I recently completed Chapter 18 of my forthcoming book The Law of Work, called “Tort Law and Work“. Torts are usually treated as peripheral in texts on work law. There is reference to torts here and there in the context of explaining wrongful dismissal law remedies, and the court’s creative use of torts to restrain strikes and picketing is explored in the study of industrial conflict. However, rarely is tort law studied as a distinct subject area. I thought I would di that, since torts still play an important role in regulating work conflicts. In my book, I explore the application of the following torts to work-related disputes in the Common Law part of the book:
- Fraudulent Misrepresentation
- Negligent Misrepresentation
- Intentional Infliction of Mental Suffering and Nervous Shock
- Assault and Battery
- Inducing Breach of Contract
- Intrusion Upon Seclusion
The so-called ‘economic torts’ that courts developed to restrain collective worker action is also dealt with in the collective bargaining part of the book. That’s a lot of tort law.
Defamation and the Employment Reference
A recent case from British Columbia demonstrates some issues in the application of the tort of defamation to the employment relationship. In Mejia v. LaSalle College, the employer and the employee sued each other for defamation. Mejia was terminated for cause for violating an employer code of conduct, and he sued the employer for wrongful
dismissal and defamation. The defamation claim was based on statements to students that Mejia had been terminated for cause, and on comments made by the employer to a prospective employer of Mejia after the termination. The employer had informed the prospective employer that although Mejia was a competent teacher, he had personality problems, was not a team player, and may not be of sound mind. Mejia did not get the new job. The issue raised by the case is to what extent can an employer express a negative opinion about an ex-employee in a job reference.
The tort of defamation requires the plaintiff to establish the following elements:
- That X made comments about Y that would tend to lower Y’s reputation in the eyes of a reasonable person; and
- That the comments were communicated to at least one person (other than Y).
Those elements were satisfied here. However, courts have also developed some defences to defamation. One is known is justification, which means that the comments, including the normal implications one would take from those comments, are essentially truthful. A second defence is known as qualified privilege. Qualified privilege rebuts the normal presumption that a defamatory comment is made maliciously. In some circumstances, including the giving of employee references, the law seeks to encourage frank and honest assessments. Therefore, provided that the employer is not acting with malice, it is permitted to respond to a request for a reference by giving an opinion, even if that opinion would tend to harm the employee’s reputation and their job prospects.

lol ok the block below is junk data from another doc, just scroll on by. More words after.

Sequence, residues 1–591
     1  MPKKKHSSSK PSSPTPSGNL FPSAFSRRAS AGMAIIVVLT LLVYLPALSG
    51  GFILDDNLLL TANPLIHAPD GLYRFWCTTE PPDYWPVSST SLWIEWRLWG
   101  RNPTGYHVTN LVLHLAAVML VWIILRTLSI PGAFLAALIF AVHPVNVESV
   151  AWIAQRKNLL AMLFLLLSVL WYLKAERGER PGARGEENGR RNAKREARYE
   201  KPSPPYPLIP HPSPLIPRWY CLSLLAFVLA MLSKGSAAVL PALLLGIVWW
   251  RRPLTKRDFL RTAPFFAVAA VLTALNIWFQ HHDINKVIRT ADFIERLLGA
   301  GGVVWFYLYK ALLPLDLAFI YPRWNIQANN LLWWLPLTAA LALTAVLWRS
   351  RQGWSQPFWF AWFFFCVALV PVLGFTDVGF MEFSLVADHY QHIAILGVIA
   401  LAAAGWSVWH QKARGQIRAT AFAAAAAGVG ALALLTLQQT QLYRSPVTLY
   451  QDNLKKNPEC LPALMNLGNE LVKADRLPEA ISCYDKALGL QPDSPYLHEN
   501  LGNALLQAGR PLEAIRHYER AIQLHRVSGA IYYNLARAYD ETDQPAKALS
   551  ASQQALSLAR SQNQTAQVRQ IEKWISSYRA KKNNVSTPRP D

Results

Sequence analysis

In the LaSalle College case, the court ruled that both of these defences applied. Since Mejia had been terminated for cause, as confirmed by the courts, the defense of justification applied to the comments made to students. The representative of LaSalle was stating his honest opinion of Mejia and was not acting with malice, and therefore the defense of qualified privilege protected the negative employment reference. In another B.C. case called Hawley v. Webb, an employer was ordered to pay $50,000 in damages for defamation when it told third parties that an employee was dishonest and incompetent when the court found neither claim was supported by the evidence.
The employer in LaSalle College counter-claimed against Mejia for defamation. Mejia has took up in front of the College wearing a sandwich board, which read: “Teacher fired for asking [employer] to stop breaking the law”. That comment was defamatory because it asserted that the College was breaking the law. The defence of justification did not apply, since the allegation was in fact false. The Court ruled that the employer had not broken the law in the manner in which Mejia was fired. Rather, the employee was fired for cause for violating a Code of Conduct. The Court ordered Mejia to pay the employer $1500 in damages for defamation.
Issues for Discussion
1. An employer states in a reference that the employee stole money, honestly believing that to be the case. However, at trial months later, the judge finds that the theft did not occur. Do you think that the defence of qualified privilege should protect the employer’s right to state its honest belief that the theft occurred?
2. Given the risks of a defamation lawsuit associated with giving a negative reference for an ex-employee, would you advise employers to decline to give references altogether? Do you foresee any legal problems associated with taking such a position?